Ofsted Report Finds Chiswick School 'Needs Improvement'

Praise for sixth form and quality of teaching but work needed in special educational need

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Chiswick School has lost its overall 'Good' Ofsted rating following an inspection at the beginning of November and has been found to 'Need Improvement' in a number of areas.

These include areas related to Special Educational Needs performance, the analysis of data, and some areas of leadership. The report also said Governors did not hold leaders to account sufficiently well and wants to see improvement in that area.

The school maintained it's 'Good' ranking in

  • Quality of Teaching, Learning and Assessment
  • Behaviour
  • Students’ personal development and welfare
  • Quality of the Sixth Form

The report released today said that while some academic outcomes were broadly in line with national averages, the progress of disadvantaged pupils and those with Special Educational Needs was "erratic" and lagged behind that of other pupils in the Academy. The provision for special Educational Needs within the main Academy was weak and not focused clearly on ensuring those pupils achieved as well as they can. However the alternative provision at the offsite Chiswick Centre was well managed and had been succesful in helping a number of pupils return to mainstream education.

The report also said Governors do not hold leaders to account sufficiently well and there was insufficient challenge related to the performance of different groups.

Ofsted inspected Chiswick School on Tuesday 3rd and Wednesday 4 th November 2015. The inspection was due, as the previous inspection had been carried out in March 2012, when, after a number of years where the school had been assessed as ‘Satisfactory’, it was converted to the higher grading of ‘Good’ in all categories.

Since then, the school has grown in both size and popularity, raising its Year 7 intake numbers last year from 215 to 240 in response to parental demand, resulting in it being heavily over-subscribed this summer.

The inspectors commented on how the quality of teaching had obviously improved dramatically and was now of a very high standard. Students were obviously proud to attend Chiswick and their behaviour both in and outside of school was recognised as being very good.The inspection team commented that students felt safe and secure and that they reported that not only were there very few instances of bullying within the school but when it did occur, students knew how to report it and were confident that the school would take appropriate action.

The Sixth Form was deemed to offer a good provision with an appropriate curriculum and rising standards. Inspectors also commented on the strong leadership, together with pastoral and support structures evident within post-16 education. Careers education, information and guidance was judged as an obvious strength across the school and the school’s work on assisting students to adopt positive approaches to their mental health and well-being were praised.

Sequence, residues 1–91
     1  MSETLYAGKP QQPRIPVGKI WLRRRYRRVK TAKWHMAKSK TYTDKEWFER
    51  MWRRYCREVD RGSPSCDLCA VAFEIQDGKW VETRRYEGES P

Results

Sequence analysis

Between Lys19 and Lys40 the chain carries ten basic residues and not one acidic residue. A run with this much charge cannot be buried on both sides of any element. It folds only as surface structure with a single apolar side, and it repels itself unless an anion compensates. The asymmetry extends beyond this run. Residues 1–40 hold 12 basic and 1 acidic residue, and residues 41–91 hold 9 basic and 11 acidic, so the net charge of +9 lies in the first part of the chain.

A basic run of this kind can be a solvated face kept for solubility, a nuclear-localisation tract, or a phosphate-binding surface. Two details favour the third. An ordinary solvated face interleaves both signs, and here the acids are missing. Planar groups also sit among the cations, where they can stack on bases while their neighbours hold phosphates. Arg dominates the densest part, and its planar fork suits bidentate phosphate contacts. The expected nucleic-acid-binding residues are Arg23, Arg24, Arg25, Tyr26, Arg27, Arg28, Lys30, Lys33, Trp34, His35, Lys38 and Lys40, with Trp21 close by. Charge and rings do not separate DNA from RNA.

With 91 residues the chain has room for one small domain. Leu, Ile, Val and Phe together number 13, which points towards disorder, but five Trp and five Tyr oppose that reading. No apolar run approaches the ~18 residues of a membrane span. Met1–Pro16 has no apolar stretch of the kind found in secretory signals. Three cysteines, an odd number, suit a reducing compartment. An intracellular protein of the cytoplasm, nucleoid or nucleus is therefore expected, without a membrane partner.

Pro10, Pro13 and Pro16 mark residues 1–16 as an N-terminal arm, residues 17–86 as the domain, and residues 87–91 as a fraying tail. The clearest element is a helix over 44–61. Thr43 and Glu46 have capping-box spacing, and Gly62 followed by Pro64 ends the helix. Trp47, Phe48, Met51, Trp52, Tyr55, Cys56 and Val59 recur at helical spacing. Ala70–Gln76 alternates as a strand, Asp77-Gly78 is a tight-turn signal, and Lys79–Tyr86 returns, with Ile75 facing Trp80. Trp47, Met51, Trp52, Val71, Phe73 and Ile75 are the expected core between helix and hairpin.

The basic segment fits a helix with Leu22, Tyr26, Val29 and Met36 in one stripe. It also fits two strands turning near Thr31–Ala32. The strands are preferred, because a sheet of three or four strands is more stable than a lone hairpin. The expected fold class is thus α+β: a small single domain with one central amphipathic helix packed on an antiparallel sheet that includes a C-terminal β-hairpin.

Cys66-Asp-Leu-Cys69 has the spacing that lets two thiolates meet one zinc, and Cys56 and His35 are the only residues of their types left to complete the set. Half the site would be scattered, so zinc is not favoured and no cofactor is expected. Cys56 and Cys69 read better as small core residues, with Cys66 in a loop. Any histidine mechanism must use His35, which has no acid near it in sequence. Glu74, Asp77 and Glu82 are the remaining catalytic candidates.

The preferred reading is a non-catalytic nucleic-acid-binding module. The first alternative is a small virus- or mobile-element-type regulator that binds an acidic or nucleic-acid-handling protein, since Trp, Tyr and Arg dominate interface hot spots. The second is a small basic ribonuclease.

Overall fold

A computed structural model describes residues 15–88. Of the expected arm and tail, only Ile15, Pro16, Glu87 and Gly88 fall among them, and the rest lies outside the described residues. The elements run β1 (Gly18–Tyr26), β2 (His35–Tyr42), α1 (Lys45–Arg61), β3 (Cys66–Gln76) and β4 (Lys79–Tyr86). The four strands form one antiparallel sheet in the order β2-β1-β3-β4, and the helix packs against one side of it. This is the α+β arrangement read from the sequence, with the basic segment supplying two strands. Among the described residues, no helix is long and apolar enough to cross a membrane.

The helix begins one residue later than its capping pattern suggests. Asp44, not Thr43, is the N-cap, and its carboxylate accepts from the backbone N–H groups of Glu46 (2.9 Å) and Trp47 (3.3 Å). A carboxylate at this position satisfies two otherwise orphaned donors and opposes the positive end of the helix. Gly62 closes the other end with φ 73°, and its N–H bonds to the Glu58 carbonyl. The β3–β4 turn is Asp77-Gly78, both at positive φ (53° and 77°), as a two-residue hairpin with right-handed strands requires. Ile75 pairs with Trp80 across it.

The report said the Academy needed to sharpen the quality of leadership and management and increase accountability at all levels by ensuring;a more systemic and frontline approach to monitoring and evaluating all aspects of the Academy; that the Governing Body was provided with appropriate and detailed information; clear and measurable targets related to whole-school development were identified and shared with Governors.

The school needed to eliminate gaps in the area of 'outcomes' of different groups of pupils including disabled pupils, those with Special Educational Needs or identified as being disadvantaged, using more purposeful and precise analyses of performance data to identify underperformance.

It needed to work on ensuring academic progress attainment was compared with the correct 'national comparators' (comparing disadvantaged pupils with non-disadvantaged pupils nationally). The school needed to better analyse data relating to behaviour, attendance and achievement to identify patterns, trends, or issues.

Referring to restructuring which had been carried out due to financial constraints, which meant a change in staff, including an influx of newly-qualified teachers, the report said there had been a "well structured induction programme" and teaching had stabilised and students settled down well to learning. The curriculum was broad and balanced.

Leadership and management required improvement because "leaders do not monitor the performance or evaluate provision of different groups of pupils including disadvantaged or Special Educational Needs" and information relating to the current performance of those key groups showed "volatility"- their progress varied between subject and year groups.

The evaluation of the many activities supported by the pupil premium was not up to date.

The school is expected to comment in response.

November 30, 2015